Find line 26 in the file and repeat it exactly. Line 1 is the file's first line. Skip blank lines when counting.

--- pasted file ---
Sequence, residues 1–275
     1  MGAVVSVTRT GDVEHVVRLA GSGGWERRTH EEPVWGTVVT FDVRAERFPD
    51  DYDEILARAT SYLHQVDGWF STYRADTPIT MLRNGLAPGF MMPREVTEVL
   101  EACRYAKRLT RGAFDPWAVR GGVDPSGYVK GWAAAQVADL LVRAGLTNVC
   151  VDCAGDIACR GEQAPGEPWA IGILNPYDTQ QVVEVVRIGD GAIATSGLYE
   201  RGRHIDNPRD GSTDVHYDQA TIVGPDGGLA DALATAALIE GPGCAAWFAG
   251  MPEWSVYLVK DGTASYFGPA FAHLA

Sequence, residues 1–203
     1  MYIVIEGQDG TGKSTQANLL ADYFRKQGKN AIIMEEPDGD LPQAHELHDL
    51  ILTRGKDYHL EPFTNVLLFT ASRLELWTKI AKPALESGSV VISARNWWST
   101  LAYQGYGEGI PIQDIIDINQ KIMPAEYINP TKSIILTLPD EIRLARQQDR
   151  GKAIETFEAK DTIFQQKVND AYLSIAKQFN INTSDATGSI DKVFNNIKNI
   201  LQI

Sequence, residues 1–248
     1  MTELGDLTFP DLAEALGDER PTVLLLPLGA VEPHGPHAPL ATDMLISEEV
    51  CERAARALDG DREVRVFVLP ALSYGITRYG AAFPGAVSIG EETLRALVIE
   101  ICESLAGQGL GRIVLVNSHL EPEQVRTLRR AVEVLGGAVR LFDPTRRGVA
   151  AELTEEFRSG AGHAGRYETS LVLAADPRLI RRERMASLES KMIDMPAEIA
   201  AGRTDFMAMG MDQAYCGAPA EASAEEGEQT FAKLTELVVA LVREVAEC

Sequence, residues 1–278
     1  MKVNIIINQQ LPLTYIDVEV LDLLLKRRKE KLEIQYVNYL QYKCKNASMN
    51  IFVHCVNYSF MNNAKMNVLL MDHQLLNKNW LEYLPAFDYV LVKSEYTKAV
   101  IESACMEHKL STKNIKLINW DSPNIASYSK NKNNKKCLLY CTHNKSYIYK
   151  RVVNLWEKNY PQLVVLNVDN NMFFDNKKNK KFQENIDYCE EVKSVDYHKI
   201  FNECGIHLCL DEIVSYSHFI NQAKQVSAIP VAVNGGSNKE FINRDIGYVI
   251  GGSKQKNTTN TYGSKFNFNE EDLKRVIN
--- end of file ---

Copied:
   251  GGSKQKNTTN TYGSKFNFNE EDLKRVIN